Siddheshwar & Tahakari Jagadamba : Obscure but prominent temples from a traveller’s perspective

Pune district and adjoining areas are home to many ancient temples. Yours truly got the opportunity to visit not one but 2 of these gems in a day! 

On a bright morning we set towards Siddheshwar temple in Akole of Ahmed Nagar district. This was my first field trip with a group of students and their guide – an Indian temple architecture and iconography expert. Being an avid traveller and history lover, I was looking forward to a different perspective of looking at and understanding temples.

It was a Sunday, the town was busy with shopkeepers and buyers who had come from nearby villages to buy their necessities. The market had idols of goddesses which then reminded me that the Navaratri was to begin the next day. 

Siddheshwar is a small ancient temple situated in the middle of Akole town.

I grasped an important and fascinating history byte – the temple was constructed by the Shilahara dynasty around the 5th Century and was buried under debris brought by Pravara River. It was unearthed in the 18th century – 1780 and thereafter there have been attempts to restore it.  During the Peshwa reign, a new entrance/mukhamandapa was constructed. Thus, at present there are two mukhamandapas – east and west and one garbhagriha in between. The statutory nandi is present in the eastern mukhamandapa.  I was moved and had goosebumps looking at intricate carvings of Bhairava, Saraswati, Ganapati, Kuber and other deities. A truly exciting find for all of us was a panel of Samudra Manthan on the ceiling. There was another puzzling carving of a camel. Puzzling because camels are not native fauna of Maharashtra. Is this indicative of this temple lying on a trade route and sculptors illustrating what they have seen in their adventurous lives elsewhere?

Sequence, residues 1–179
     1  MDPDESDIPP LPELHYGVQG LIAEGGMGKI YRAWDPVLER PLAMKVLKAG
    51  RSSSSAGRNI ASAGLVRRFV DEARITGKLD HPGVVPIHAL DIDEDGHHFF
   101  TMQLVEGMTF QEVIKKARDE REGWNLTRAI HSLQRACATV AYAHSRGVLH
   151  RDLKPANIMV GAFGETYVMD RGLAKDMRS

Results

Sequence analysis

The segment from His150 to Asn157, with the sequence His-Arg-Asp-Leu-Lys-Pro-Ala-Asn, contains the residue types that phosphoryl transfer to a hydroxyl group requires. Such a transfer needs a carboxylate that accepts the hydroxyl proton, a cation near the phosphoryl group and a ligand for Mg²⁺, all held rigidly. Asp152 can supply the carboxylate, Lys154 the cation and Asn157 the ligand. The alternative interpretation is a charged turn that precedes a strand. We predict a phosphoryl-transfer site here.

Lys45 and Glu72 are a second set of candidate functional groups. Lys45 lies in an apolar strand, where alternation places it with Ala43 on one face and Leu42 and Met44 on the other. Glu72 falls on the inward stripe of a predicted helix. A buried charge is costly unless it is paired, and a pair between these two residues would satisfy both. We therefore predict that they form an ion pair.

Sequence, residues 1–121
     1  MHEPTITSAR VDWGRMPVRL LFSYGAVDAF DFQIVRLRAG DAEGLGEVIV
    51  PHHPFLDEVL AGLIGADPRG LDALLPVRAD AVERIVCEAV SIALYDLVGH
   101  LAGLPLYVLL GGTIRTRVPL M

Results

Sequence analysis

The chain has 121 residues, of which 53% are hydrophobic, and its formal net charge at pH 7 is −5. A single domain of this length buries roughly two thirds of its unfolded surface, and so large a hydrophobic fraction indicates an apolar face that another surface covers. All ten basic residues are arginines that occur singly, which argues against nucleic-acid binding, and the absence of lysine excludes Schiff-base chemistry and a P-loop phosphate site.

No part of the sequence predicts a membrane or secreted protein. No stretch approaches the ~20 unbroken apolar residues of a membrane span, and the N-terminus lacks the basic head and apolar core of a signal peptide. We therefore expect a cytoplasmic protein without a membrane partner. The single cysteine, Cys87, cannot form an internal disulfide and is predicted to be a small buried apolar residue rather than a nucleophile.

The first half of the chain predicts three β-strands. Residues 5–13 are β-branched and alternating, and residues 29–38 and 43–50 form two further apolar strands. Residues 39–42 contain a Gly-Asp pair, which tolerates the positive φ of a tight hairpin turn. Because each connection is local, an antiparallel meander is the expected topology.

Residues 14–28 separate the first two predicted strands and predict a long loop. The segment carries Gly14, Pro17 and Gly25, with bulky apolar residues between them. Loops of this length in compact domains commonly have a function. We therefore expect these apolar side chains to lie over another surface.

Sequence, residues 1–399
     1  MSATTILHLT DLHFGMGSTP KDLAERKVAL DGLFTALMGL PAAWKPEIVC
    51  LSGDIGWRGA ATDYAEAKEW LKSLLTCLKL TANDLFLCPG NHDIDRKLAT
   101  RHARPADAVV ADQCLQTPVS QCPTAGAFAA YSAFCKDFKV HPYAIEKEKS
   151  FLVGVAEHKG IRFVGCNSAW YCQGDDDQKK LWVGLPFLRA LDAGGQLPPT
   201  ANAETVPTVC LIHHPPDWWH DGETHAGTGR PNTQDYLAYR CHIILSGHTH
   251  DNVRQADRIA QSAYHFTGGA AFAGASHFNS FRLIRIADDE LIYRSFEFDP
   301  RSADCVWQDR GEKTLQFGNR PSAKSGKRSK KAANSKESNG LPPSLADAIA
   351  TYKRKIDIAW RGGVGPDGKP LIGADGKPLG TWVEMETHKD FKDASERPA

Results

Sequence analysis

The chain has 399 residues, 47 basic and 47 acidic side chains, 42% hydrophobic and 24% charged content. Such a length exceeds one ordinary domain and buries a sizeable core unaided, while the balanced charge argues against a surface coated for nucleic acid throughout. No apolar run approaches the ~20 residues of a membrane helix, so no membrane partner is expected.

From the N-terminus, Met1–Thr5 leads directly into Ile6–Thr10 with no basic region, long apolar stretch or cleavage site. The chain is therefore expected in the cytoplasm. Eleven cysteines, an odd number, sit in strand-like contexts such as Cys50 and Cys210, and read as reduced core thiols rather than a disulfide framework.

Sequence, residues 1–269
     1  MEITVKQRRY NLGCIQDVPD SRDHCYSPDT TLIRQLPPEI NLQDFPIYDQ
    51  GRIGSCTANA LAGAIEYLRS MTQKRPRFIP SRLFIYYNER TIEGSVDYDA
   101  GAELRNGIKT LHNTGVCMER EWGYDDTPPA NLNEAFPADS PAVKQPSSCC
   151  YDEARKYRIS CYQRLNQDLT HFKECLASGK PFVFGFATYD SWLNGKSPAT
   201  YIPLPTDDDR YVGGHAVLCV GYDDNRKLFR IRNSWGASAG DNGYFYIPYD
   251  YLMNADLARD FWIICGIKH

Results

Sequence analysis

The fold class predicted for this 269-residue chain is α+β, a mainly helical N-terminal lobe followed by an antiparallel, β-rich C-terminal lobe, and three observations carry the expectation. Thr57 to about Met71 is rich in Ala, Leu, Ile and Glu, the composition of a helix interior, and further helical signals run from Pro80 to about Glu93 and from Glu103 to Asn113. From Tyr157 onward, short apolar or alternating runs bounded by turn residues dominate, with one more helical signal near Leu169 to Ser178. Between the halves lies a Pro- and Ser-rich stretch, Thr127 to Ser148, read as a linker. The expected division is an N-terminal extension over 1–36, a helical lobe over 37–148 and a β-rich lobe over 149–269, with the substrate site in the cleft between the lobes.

Next on our plan was Jagadamba temple at Tahakari. When we reached the temple, it was being decorated by the villagers for Navaratri celebrations. Our guide has visited these temples and regions multiple times and gained the trust of the priests and caretakers over many years. The priest showed us around the main idols inside the temple and the discussion revealed that this place must have been of importance for the shakta sect. Built by the Yadavas on the banks of river Adhala, this temple has an octagonal pattern. Quite surprisingly, most of the temple structure and carvings are intact. The main goddess has 18 hands and there are images of Mahishasurmardhini and Kali. The carvings include yoginis and sursundaris.

The ceiling is adorned by 8 sursundaris supported by 4 intricate kirtimukhas at corners and the whistling Chamunda in one of the panels.



A true feast for mind and eyes, how these temples remain a source of awe-inspiring representation of our culture is a marvel! 


– Shraddha Mehta, owner @zenith.odyssey

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